[bitcoin-dev] I do not support the BIP 148 UASF

Suhas Daftuar sdaftuar at gmail.com
Mon May 22 19:23:22 UTC 2017

I also do not support the BIP 148 UASF, and I'd like to add to the points
that Greg has already raised in this thread.

BIP 148 would introduce a new consensus rule that softforks out non-segwit
signalling blocks in some time period.  I reject this consensus rule as
both arbitrary and needlessly disruptive.  Bitcoin's primary purpose is to
reach consensus on the state of a shared ledger, and even though I think
the Bitcoin network ought to adopt segwit, I don't think that concern
trumps the goal of not splitting the network.

Many BIP 148 advocates seem to start with the assumption that segwit
already has a lot of support, and suggest that BIP 148 does as well.
However I don't think it's fair or correct to separate the activation
proposal for segwit from the rest of the segwit proposal.  The deployment
parameters for segwit are consensus-critical; assuming that some other
deployment has consensus because it would result in the rest of the segwit
proposal activating is an unjustified leap.

Even if there were no feasible alternate segwit deployment method available
to us, I would hesitate to recommend that the network adopt a potentially
consensus-splitting approach, even though I firmly believe that the ideas
behind segwit are fundamentally good ones.  But fortunately that is not the
situation we are in; we have substantially less disruptive methods
available to us to activate it, even if the current BIP 9 deployment were
to fail -- such as another BIP 9 deployment in the future, or perhaps a BIP
149 deployment.

If we do pursue a "user-activated" deployment of segwit, I'd recommend that
we do so in a more careful way than BIP 148 or 149 currently suggest, which
as I understand would otherwise make very few changes to the current
implementation.  However, due to the BIP 9 activation assumption, the
Bitcoin Core 0.13.1 - 0.14.0 segwit implementation largely lumps together
the idea that miners would both enforce the rules and mine segwit blocks.
However, we can separate these concerns, as we started to do in the Bitcoin
Core 0.14.1 release, where mining segwit blocks is not required in order to
generally mine or signal for segwit in the software.  And we can go further
still: without too much work, we could make further improvements to
accommodate miners who, for whatever reason, don't want to upgrade their
systems, such as by improving block relay from pre-segwit peers [1], or
optimizing transaction selection for miners who are willing to enforce the
segwit rules but haven't upgraded their systems to mine segwit blocks [2].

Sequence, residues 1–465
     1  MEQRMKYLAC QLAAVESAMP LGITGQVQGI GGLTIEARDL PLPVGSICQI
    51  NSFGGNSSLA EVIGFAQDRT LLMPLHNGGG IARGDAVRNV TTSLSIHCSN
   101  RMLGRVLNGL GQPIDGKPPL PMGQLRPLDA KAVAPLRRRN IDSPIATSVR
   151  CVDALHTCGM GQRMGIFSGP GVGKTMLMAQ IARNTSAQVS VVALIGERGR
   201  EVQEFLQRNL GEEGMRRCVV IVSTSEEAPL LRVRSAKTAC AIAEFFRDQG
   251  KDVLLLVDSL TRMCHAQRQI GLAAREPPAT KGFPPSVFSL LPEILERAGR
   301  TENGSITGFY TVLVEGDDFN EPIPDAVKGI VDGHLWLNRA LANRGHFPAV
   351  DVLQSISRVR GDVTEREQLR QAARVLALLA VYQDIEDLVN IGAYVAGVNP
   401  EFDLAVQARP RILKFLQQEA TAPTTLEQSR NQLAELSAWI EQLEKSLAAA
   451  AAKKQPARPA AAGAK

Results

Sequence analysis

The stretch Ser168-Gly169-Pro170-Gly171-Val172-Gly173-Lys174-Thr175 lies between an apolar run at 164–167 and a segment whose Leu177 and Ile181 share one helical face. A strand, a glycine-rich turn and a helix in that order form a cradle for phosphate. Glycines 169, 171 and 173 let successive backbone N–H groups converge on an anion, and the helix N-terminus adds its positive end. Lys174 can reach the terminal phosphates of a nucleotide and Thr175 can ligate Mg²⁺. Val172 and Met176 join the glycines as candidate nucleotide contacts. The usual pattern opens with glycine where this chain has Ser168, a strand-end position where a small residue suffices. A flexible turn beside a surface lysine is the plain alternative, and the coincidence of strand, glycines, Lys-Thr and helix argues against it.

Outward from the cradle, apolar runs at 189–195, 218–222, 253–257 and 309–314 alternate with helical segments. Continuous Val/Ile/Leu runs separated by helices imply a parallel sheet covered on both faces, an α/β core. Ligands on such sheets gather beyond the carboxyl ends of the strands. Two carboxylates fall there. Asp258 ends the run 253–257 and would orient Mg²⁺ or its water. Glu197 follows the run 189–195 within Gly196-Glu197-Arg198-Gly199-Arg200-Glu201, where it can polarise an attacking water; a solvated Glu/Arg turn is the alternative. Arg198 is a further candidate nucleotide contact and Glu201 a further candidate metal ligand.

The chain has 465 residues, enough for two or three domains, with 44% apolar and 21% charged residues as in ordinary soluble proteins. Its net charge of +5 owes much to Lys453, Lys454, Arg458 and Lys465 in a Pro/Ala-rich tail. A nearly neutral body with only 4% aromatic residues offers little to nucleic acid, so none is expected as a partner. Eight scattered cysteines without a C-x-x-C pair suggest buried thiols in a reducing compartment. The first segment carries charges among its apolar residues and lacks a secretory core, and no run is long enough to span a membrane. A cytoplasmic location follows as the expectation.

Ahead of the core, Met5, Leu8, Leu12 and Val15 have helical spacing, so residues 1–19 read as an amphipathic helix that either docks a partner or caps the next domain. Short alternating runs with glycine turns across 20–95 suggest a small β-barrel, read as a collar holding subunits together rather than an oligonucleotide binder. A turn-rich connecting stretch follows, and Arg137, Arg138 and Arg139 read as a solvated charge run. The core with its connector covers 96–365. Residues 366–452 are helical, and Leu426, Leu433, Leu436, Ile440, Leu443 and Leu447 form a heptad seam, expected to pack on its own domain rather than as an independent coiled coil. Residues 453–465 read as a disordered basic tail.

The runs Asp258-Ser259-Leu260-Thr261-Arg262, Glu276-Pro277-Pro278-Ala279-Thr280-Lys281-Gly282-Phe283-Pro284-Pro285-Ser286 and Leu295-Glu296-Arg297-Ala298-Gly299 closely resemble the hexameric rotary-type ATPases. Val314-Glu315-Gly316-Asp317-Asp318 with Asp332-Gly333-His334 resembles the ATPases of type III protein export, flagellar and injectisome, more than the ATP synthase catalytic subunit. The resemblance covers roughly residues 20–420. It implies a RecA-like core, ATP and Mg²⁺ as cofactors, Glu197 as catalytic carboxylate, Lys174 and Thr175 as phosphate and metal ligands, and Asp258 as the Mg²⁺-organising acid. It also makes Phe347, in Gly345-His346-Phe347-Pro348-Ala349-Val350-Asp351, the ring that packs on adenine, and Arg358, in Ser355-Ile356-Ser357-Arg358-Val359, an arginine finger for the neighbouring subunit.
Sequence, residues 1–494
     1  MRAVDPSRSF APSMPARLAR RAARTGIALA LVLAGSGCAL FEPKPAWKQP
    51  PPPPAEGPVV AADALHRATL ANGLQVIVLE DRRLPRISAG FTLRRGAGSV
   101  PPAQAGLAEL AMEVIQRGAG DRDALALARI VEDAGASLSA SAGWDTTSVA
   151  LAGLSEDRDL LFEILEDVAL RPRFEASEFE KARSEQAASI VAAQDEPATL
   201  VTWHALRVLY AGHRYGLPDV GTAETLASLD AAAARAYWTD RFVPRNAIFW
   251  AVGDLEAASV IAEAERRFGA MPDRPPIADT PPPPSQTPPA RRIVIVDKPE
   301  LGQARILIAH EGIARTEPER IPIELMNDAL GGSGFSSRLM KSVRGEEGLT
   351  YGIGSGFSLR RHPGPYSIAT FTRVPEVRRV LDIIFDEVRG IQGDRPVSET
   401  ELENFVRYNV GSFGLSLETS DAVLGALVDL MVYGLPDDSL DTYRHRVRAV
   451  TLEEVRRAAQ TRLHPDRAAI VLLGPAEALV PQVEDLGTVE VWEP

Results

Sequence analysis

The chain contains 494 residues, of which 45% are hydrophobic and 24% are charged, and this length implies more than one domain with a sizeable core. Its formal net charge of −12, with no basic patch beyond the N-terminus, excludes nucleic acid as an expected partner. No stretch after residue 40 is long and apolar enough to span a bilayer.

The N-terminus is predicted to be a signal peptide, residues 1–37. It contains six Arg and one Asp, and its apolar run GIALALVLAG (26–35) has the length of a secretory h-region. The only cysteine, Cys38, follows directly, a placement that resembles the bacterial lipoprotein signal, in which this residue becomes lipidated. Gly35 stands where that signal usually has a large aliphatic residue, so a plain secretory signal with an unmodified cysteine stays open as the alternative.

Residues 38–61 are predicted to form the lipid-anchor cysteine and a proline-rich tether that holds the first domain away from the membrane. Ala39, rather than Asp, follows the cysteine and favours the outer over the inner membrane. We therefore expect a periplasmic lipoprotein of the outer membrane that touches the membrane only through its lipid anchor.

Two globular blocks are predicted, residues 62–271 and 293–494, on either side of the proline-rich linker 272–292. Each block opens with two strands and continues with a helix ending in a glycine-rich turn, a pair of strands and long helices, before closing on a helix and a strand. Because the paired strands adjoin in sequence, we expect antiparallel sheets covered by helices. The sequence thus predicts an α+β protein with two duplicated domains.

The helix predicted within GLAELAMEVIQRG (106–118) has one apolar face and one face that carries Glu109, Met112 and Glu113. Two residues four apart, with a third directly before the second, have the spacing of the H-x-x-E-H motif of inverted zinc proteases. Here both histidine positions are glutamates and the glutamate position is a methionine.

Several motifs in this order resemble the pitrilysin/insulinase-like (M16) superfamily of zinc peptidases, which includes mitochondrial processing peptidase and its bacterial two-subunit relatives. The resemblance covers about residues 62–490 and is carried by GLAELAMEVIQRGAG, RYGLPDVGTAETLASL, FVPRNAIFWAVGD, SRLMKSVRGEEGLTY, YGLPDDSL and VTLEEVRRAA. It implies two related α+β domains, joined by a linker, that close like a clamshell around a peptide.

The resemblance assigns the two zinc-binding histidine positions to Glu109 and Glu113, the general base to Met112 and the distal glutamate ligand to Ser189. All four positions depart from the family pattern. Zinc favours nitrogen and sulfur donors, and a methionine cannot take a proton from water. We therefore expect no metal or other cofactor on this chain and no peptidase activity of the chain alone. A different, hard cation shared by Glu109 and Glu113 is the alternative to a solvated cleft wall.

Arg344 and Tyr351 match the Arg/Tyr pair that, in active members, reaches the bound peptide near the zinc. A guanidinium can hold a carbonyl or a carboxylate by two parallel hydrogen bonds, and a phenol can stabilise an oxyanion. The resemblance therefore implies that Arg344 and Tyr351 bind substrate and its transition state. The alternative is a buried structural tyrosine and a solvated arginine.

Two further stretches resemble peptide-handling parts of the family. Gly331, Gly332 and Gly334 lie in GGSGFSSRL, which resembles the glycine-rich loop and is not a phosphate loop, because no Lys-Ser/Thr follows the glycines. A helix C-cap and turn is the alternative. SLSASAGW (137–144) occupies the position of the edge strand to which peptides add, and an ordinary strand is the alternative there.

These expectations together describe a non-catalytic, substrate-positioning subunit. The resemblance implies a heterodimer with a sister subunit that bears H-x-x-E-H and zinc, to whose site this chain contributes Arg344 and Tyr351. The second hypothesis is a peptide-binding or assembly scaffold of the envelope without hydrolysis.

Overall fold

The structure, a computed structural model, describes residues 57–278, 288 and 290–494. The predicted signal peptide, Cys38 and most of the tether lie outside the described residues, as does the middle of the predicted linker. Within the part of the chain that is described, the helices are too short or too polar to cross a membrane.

If we would seek to activate a soft-fork with less clear miner signaling
(such as BIP 149), then I think such improvements are warranted to minimize
network disruption.  In general, we should not seek to censor hashpower on
the network unless we have a very important reason for doing so.  While the
issues here are nuanced, if I were to evaluate the BIP 148 soft-fork
proposal on the spectrum of "censorship attack on Bitcoin" to "benign
protocol upgrade", BIP 148 strikes me as closer to the former than the
latter.  There is simply no need here to orphan these non-signalling blocks
that could otherwise be used to secure the network.

To go further: I think BIP 148 is ill-conceived even for achieving its own
presumed goals -- the motivation for adding a consensus rule that applies
to the version bits on blocks is surely for the effect such bits have on
older software, such as Bitcoin Core releases 0.13.1 and later.  Yet in
trying to bring those implementations along as segwit-enforcing software,
BIP 148 would risk forking from such clients in the short term!  If one
really cared about maintaining consensus with older, segwit-enabled
software, it would make far more sense to seek segwit activation in a way
that didn't fork from them (such as BIP 149, or a new BIP 9 deployment
after this one times out).  And if one doesn't care about such consensus,
then it'd be far simpler to just set (e.g.) August 1 as the flag day
activation of segwit, and not play these contortionist games with block
version bits, which carry no useful or intrinsic meaning.  Either of these
two approaches should have the advantage of reduced fork risk, compared
with BIP 148.

Of course, everyone is free to run the software of their choosing.  I write
this to both generally convey my opposition to a careless proposal, which I
believe represents a way of thinking that is detrimental to Bitcoin's long
run success, and specifically explain why I oppose inclusion of this
proposal in the Bitcoin Core implementation [3].  The Bitcoin Core project
hasn't been, and shouldn't be, careless in deploying consensus changes.
Instead, I think the Bitcoin Core project ought to stand up for the best
practices that our community has learned about how to deploy such changes